Chemical composition of the earth
After Chapter 34's excursion into the mineralogical composition of the universe, we return to earth to review the most important mineral components of our planet. On earth, only minerals located in the crust or suspended in the atmosphere and hydrosphere (oceans, lakes, and rivers) are accessible to direct investigation. Except for a few locations, where upper mantle material has been juxtaposed with the crust, the mineralogical compositions of the deeper zones can only be inferred from indirect evidence provided by studies of gravity, inertia, seismic wave propagation, magnetism, phase stability, and the general abundance of elements.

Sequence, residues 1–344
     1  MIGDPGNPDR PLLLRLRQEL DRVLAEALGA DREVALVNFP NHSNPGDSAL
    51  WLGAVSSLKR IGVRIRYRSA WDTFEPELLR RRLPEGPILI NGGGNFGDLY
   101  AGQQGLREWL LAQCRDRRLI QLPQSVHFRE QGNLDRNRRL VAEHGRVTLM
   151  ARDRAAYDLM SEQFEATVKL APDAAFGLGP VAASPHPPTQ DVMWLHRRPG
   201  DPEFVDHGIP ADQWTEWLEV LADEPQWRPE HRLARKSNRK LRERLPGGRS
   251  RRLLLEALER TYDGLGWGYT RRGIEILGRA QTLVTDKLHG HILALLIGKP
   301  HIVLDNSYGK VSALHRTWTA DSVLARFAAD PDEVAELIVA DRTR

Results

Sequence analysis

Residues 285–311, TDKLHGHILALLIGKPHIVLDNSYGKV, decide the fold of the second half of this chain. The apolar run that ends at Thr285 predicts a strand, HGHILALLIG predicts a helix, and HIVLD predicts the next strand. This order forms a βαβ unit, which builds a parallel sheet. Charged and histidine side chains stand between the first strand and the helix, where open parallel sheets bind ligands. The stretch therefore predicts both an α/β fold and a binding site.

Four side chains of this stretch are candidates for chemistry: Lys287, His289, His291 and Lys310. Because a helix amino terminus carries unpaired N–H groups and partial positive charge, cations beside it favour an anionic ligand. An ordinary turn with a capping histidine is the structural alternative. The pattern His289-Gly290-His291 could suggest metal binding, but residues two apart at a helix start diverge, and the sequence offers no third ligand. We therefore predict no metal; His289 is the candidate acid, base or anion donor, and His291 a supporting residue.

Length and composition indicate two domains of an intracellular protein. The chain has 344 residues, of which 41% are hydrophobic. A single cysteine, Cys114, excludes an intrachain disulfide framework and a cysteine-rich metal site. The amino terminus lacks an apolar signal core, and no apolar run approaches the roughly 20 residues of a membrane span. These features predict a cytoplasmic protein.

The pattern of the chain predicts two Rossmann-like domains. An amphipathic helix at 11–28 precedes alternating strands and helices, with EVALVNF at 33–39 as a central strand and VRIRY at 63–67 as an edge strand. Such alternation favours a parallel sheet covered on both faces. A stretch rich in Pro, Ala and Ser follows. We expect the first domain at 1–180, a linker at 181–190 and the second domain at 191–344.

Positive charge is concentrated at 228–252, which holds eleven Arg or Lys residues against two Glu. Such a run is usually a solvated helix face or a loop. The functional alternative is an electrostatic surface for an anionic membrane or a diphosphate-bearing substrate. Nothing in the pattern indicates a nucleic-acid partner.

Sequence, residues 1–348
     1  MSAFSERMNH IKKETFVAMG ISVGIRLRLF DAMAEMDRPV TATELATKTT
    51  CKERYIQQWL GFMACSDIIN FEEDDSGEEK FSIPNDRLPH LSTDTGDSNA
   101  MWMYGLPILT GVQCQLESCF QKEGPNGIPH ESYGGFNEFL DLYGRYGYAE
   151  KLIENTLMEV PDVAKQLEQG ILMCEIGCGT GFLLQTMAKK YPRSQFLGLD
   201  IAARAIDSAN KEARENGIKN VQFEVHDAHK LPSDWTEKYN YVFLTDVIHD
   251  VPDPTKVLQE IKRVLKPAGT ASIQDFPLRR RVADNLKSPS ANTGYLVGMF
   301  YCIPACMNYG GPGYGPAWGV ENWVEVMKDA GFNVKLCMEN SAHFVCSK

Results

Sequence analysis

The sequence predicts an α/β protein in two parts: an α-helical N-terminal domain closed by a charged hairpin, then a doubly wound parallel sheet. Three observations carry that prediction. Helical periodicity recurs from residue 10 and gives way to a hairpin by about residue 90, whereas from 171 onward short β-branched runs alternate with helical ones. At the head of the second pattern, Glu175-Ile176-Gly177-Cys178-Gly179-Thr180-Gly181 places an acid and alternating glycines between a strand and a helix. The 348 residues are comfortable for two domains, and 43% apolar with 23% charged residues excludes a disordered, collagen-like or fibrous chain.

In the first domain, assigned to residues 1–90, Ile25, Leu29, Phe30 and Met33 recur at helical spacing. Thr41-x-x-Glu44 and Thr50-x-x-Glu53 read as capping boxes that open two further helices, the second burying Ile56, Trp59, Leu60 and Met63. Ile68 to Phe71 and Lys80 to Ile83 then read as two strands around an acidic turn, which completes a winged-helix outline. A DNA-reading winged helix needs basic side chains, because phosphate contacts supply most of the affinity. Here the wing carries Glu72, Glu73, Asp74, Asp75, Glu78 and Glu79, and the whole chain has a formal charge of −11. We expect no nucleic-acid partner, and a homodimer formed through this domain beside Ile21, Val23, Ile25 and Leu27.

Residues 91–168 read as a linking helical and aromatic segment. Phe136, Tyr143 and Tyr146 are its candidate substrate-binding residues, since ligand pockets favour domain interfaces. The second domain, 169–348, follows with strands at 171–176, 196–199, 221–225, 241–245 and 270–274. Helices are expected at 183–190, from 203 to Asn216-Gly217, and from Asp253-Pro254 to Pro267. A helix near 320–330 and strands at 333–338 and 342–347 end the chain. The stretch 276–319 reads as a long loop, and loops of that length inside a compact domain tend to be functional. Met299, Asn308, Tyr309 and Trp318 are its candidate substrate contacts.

Particularly important for determining the structure of the earth's interior are seismic waves. Their velocities increase with the elastic stiffness and the density of the material they pass through. Therefore one can draw conclusions about the material, on the basis of travel times. Furthermore (as was discussed briefly in Chapter 8), there are two types of seismic waves. Longitudinal (or P waves) pass through solids as well as liquids, whereas transverse waves (S waves) pass through only solid material. This distinction can be used to identify regions of melt within the earth.
Figure 35.1 shows a profile of the average longitudinal and transverse wave velocity from the surface to the center of the earth, as well as the average increase in density and temperature.